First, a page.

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Undecided about whether to make it or buy it, this book should help
October 28, 2011 - Kathie Evanoff
I’m a big fan of blogs.
Blogs, a mashed-together version of two words, web log (leave off the we), entertain me more than any program on television. I read several favorite blogs by writers who share my interests. Reading blogs doesn’t take a lot of extra time because most bloggers don’t post every day making it easy to keep up.
I not only have been reading blogs for years (they burst onto the Internet scene about 2004), but I am particularly fascinated by bloggers who have turned their social diaries into new careers. The bloggers’ writing skills were discovered by agents and publishers who took notice that many, many people read and comment. If people like to read the blogs, the publishers discovered, they would also buy the books. And they do.
I only recently discovered a cooking blogger I found extremely entertaining. Jennifer Reese is fairly new to the blogging world. Reese began writing The Tipsy Baker, in 2006 and even then there was only one post that consisted of one sentence, “Tipsy Baker is tipsy and full of tips, on baking.” There were no blogs in 2007 and then in 2008, Reese seemed to find her blogging voice and she burst back onto the Internet with 197 posts that year. Her intention was to plow through her cook book collection, which she claims consists of more than 1,000 volumes, while describing these adventures in her blog.
The first few comments the blog received seemed to be mostly spam. As with most bloggers, it took a long time for people to notice. I suspect that with the publication of her new book, “Make the Bread, Buy the Butter,” published by Free Press, a division of Simon and Shuster, Reese is going to see a surge of comments and find herself a new following.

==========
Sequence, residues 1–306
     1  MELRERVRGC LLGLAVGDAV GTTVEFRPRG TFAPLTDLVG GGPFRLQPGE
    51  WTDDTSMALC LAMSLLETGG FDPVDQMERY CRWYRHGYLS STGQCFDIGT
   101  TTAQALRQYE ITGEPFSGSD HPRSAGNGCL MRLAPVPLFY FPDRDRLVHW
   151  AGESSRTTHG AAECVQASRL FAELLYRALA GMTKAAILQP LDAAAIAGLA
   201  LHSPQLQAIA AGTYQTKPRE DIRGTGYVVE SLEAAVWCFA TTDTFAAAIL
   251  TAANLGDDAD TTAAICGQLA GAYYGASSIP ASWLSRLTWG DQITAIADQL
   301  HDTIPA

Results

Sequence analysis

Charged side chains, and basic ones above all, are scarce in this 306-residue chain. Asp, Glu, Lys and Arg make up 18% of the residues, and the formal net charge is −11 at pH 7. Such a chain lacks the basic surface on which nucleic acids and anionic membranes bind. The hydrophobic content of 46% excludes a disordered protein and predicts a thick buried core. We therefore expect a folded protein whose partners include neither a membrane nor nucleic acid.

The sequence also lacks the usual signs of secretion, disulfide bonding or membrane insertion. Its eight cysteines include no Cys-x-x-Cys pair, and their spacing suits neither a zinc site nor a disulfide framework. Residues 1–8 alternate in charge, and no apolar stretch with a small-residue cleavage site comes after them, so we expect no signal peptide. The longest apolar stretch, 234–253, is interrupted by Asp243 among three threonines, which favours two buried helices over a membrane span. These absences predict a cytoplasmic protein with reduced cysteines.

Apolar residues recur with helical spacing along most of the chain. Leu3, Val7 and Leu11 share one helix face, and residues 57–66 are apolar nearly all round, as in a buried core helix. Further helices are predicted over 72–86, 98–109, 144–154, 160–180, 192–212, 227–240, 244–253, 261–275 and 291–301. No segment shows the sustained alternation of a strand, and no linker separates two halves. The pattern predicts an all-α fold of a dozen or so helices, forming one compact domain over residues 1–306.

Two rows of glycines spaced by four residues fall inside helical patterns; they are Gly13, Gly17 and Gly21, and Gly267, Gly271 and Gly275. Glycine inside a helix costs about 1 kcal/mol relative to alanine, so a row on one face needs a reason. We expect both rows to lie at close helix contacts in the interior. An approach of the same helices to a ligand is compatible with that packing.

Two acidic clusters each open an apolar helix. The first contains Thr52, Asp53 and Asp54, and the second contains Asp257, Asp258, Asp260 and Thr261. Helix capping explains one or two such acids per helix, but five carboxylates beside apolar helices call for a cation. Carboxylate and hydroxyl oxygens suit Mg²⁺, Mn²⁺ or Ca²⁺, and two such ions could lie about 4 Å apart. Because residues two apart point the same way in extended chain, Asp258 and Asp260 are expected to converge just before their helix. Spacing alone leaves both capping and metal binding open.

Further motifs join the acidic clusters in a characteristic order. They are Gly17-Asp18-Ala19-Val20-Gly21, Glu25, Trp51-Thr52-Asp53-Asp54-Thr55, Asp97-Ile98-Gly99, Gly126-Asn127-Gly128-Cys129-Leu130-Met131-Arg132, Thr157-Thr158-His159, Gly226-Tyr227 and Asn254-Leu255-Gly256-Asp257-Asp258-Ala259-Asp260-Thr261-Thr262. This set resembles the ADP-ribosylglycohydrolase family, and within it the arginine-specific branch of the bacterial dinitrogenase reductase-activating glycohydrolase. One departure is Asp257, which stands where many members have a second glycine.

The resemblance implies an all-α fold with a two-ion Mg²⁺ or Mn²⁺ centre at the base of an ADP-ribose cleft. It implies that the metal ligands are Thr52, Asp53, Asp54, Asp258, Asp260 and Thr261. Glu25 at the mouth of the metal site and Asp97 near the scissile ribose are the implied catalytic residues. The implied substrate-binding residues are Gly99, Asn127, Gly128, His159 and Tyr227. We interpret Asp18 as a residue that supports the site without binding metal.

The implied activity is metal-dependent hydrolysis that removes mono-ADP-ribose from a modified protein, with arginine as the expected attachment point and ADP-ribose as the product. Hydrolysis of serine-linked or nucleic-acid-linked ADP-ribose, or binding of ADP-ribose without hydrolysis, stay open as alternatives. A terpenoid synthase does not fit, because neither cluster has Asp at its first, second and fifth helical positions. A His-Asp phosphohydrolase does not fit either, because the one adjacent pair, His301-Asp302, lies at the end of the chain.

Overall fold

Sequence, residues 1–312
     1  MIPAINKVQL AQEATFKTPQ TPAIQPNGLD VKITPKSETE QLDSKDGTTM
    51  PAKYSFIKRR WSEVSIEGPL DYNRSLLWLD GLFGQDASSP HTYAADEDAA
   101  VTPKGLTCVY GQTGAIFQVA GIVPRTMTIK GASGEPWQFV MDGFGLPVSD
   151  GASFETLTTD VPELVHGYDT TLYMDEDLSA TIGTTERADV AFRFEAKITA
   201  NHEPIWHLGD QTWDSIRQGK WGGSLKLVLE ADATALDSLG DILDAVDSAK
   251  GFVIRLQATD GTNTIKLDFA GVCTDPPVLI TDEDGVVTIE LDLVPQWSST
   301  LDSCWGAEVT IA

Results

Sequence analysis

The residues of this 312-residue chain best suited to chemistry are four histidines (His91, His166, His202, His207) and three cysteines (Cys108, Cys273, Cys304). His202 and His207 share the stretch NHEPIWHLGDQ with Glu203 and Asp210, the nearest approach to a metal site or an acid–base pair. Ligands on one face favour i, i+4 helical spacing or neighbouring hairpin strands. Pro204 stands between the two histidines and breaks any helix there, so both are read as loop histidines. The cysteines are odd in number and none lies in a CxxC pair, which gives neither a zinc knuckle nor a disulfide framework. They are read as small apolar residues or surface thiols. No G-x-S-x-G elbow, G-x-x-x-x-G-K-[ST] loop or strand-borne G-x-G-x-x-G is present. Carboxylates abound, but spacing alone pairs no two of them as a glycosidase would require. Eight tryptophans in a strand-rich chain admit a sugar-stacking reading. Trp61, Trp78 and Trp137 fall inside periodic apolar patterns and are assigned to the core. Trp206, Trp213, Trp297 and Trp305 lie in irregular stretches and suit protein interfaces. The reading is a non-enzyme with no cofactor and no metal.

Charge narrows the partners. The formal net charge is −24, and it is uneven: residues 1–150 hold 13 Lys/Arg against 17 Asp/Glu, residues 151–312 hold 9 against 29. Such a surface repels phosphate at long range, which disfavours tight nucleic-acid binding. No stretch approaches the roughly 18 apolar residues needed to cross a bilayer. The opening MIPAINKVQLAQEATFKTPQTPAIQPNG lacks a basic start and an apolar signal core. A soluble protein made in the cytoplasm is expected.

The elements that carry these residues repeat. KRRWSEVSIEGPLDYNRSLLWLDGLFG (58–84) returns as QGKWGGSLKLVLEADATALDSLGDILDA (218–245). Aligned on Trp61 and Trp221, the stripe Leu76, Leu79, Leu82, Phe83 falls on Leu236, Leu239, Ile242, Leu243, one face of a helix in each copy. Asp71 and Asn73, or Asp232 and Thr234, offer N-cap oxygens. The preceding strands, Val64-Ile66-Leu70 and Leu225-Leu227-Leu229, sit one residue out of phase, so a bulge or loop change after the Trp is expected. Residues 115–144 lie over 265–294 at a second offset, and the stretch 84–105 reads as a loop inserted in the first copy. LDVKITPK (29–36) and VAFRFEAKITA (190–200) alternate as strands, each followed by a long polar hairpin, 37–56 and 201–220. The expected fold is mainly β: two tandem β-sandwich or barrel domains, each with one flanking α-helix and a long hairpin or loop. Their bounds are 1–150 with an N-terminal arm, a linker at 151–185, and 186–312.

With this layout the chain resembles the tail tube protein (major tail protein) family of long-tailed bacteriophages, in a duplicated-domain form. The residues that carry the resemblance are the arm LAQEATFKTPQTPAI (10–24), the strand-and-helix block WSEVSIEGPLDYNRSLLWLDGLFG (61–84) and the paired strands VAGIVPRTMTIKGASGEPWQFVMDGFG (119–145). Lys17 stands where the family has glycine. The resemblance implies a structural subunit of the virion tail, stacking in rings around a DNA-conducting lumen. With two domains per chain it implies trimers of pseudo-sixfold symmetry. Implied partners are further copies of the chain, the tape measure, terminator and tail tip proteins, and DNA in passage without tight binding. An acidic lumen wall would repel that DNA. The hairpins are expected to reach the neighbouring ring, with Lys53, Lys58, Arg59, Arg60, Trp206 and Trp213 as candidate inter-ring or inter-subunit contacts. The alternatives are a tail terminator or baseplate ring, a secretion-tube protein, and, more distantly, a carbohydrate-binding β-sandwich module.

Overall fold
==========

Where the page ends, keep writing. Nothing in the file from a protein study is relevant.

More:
I have been reading and browsing through Reese’s book for several days since receiving a review and it is one of the most refreshing cookbooks I’ve read since Marsha Adams wrote “Cooking from Quilt Country.”
Reese answers the question, is it better to make it from scratch or just buy it? The book includes recipes for everything from butter to cheese. It was delightful reading her experiences raising chickens, first as an experiment to see if it was better financially to just because they made her smile.
In addition to raising chickens, Reese describes her first vegetable garden, what it’s like to slaughter her own meat, harvesting honey, keeping goats and walks down memory lane with accounts of her childhood food experiences. Her writing is easy and enjoyable, and provides plenty of chuckles, even to my patient husband who often was called into the next room so I could read aloud Reese’s latest exploit.
Not new to the writing world, Reese has worked as a journalist most of her adult life. As she explains in the book, she decided to embark on these “kitchen-related experiments” after finding herself unemployed and forced to economize.
The book contains 120 recipes and Reese’s opinion about making each one, not only whether it is worth it to make it or buy it but whether it was worth the hassle as well.
I would recommend this book to anyone who loves to cook and enjoys a good laugh in the process.
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